Featured Recent Publication (1)

This paper shows how to create a hydrogel that has many zones, each of which has different mechanical properties. The gel above has four zones, which stretch to different extents. The modulus of the stiffest zone is 100 times the modulus of the softest zone. Our approach could be used to build realistic mimics of the spinal discs present between our vertebrae, which have a soft core and a stiff shell. 

Featured Classic Publication (1)

Many molecules (‘gelators’) self-assemble into long fibers, which entangle to form molecular gels. Such gelation occurs in some organic solvents, but not in others. But is it possible to predict if gelation would occur beforehand? This paper provided a framework to predict molecular gelation using thermodynamic parameters of the various solvents. The same framework has now been used by many researchers.

Featured Classic Publication (2)

This paper showed for the first time how one could easily create a ‘photorheological fluid‘ in the lab, i.e., a fluid whose viscosity could be dramatically altered by shining light. The fluid contained molecules that self-assembled into long chains initially. Irradiation with UV light altered the geometry of the molecules, which made them re-assemble into tiny spheres. This caused a 10,000-fold drop in viscosity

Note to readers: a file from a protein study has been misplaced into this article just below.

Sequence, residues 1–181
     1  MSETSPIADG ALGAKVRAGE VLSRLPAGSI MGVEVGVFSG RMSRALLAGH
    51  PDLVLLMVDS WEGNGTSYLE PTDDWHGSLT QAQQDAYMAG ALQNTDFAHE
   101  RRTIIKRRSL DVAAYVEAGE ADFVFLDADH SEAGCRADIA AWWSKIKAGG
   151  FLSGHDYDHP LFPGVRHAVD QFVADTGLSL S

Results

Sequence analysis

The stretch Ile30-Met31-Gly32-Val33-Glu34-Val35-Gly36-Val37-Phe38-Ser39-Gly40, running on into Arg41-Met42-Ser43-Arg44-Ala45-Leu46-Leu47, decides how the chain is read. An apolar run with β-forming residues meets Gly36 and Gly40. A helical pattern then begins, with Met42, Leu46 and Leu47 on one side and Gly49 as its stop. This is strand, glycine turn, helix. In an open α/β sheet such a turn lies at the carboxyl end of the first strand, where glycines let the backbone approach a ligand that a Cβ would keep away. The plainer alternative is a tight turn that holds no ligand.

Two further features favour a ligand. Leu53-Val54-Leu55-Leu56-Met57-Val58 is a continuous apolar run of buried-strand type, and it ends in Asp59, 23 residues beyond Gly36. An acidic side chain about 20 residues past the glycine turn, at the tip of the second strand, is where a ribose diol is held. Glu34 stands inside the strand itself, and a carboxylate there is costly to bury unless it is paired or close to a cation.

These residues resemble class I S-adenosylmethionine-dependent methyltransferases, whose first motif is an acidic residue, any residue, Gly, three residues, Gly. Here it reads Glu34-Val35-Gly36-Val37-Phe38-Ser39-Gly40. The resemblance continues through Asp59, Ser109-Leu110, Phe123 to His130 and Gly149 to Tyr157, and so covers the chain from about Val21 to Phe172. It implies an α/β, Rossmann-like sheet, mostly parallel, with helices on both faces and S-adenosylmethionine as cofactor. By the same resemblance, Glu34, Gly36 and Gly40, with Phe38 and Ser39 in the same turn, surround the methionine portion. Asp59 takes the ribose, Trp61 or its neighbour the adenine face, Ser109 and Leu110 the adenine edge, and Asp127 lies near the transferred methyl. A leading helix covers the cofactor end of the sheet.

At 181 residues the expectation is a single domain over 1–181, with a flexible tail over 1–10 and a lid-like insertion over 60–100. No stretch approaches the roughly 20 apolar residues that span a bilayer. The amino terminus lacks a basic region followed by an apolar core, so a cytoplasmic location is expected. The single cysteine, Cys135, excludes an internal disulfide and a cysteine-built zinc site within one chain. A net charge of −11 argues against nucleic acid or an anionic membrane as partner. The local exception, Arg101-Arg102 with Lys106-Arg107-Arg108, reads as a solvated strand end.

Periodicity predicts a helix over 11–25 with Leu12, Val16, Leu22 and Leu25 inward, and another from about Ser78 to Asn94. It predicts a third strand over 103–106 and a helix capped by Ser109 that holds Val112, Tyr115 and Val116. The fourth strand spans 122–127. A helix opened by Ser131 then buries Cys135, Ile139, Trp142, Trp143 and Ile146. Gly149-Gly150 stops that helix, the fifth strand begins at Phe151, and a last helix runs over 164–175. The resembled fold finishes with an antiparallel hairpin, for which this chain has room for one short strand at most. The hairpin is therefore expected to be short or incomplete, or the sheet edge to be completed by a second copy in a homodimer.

Did you know?

Our research been featured in news stories by two local TV stations and in a program that aired on the Discovery Channel titled “Stephen Hawking Presents”.

Did you know?

More than 20 patents have been filed by UMD’s Office of Technology Commercialization based on inventions from our lab.

Did you know?

A polymer gel invented in our lab swells up to 3000 times its weight in water. This is a world record to our knowledge.

Did you know?

Three startup companies have been launched from our lab (Gel-e, GripBoost, Prasidiux).

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Our lab is credited with the first biomedical device invented at UMCP to receive FDA approval.

Did you know?

We developed the first food-grade dispersant that can be used to disperse oil spills into seawater.